blog

December 26th, 2013

Family

By Manduka Ambassador, Dana Damara

I love the holidays … I love decorating the tree, baking cookies with my daughters, pulling out holiday lights, lighting candles, the smell of pine cones and evergreen, pumpkin pie spice and the quietness at the end of the day that ends so early.

When I was a kid I loved baking with my mother, making decorations with my grandmother, eating homemade everything and running around the house with my cousins. I grew up around the corner from my “Auntie” and about six blocks from my grandmother. The holidays started the weekend before Thanksgiving and didn’t end until after the last football game was over on New Year’s Day.

I think that the holidays were the best part of my childhood. I was raised Catholic Italian in a family that was loud and boisterous. My grandmother’s home always smelled like spaghetti sauce and garlic, and when the holidays began it was a flurry of connecting, cooking and chaos. Actually it was always like that, holidays or not.

In the basement, my grandfather encased sausage and boiled live crab. Upstairs in the kitchen, my grandmother rolled out her homemade pasta, had her sauce going on the stove, basted the turkey in the oven, tended to the ham in the garage and us kids had to set the table and chop vegetables. My mother and my aunts talked and laughed a lot!

I can remember music playing, grown ups dancing, food and lots of wine. My grandmother sipped from the same glass of wine all day that had melting ice cubes in it. She had a house-coat for every meal, Jesus and Mary medallions around her neck, a Kleenex in her bra and her glasses on top of her head.

My family danced together, we laughed together, we teased each other, we fought loudly and we loved fiercely. We didn’t need the holidays to have a great time, the holidays just amplified everything.

There were several of us “little ones” who played pool, jumped on the beds, ran around outside without a coat, and played board games in the quiet of someone’s bedroom until we all fell asleep, usually on top of each other in one big bed.

A lot has happened since those days and times have changed. However, every holiday season comes and I feel the love from that time fill my heart. I can smell my grandmother’s homemade sauce, hear her voice singing in Italian while she worked in the kitchen.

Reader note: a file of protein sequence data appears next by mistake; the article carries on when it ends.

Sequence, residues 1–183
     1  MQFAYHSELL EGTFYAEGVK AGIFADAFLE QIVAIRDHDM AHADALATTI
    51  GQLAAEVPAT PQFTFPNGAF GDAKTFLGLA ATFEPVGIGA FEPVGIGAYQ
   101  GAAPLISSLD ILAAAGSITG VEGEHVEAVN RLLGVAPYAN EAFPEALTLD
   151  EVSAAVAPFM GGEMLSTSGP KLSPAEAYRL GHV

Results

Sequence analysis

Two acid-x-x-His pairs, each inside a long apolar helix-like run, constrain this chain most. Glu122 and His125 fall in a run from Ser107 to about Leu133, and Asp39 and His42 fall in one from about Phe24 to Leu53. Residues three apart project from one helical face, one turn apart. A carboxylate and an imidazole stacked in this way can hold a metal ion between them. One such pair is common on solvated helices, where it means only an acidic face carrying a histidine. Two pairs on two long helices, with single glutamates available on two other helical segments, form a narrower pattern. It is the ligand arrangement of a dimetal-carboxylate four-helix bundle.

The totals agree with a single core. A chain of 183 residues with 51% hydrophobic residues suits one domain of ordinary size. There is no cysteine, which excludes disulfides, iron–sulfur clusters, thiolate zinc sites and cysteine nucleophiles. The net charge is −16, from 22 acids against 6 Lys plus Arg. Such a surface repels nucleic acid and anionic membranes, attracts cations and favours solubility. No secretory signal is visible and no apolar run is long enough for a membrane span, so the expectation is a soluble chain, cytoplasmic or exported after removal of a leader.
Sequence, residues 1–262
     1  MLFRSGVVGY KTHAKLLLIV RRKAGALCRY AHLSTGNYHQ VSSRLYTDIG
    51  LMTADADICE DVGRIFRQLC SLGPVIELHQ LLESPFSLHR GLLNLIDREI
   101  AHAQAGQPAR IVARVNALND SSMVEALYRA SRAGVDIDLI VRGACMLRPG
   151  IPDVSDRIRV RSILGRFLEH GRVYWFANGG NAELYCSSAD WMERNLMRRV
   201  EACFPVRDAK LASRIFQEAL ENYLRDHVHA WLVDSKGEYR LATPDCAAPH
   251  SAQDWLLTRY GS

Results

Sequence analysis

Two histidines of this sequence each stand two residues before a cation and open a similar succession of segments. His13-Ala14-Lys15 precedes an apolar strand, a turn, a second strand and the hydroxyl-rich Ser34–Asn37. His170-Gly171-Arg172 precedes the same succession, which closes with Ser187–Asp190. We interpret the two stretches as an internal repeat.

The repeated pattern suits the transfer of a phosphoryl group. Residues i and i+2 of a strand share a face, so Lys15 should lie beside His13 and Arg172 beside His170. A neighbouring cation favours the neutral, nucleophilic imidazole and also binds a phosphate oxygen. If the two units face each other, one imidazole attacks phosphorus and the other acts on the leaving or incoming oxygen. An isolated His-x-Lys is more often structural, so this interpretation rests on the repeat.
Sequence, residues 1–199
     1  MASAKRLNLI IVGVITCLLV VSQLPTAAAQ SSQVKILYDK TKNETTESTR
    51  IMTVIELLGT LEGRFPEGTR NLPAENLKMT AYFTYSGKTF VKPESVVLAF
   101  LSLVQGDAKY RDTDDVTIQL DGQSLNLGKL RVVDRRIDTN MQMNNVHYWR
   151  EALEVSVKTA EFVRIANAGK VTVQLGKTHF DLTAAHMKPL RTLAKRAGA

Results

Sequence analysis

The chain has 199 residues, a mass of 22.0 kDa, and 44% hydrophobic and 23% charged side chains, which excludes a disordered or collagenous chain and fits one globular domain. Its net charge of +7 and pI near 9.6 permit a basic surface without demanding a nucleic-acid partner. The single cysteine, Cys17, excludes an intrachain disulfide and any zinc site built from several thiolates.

I don’t “do” the holidays like my grandmother did; I wouldn’t even try! She was amazing! And unfortunately, I don’t have the opportunity to see my family over the holidays either. But the love I experienced during that time in my life fills me with such joy and gratitude.

Families move, they break up, they break down, they shift and they change. For many years I lived by the credo that “Your family can be one of blood or choice – either way, you have family.” I did this because when my family broke down I rebelled, I moved away, I made my own “family” and I did this to survive the pain I felt when all of that “connection, cooking and chaos” ended.

Now, some twenty odd years later, several thousands of hours on my mat, and at least hundreds of hours in church, I hold my family in my heart… my blood family. The ones that brought me into this world, that can trigger me and that love me unconditionally, even if I didn’t know that for years.

This year, give thanks for your family – the one that holds the reflection of who you were, who you are and maybe even a nugget of who you are becoming. There is nothing like family, nothing. When we deny our family we are denying our greatest gift. You needn’t see them, hang out with them, spend holidays with them – you can just love them.

Family
Family

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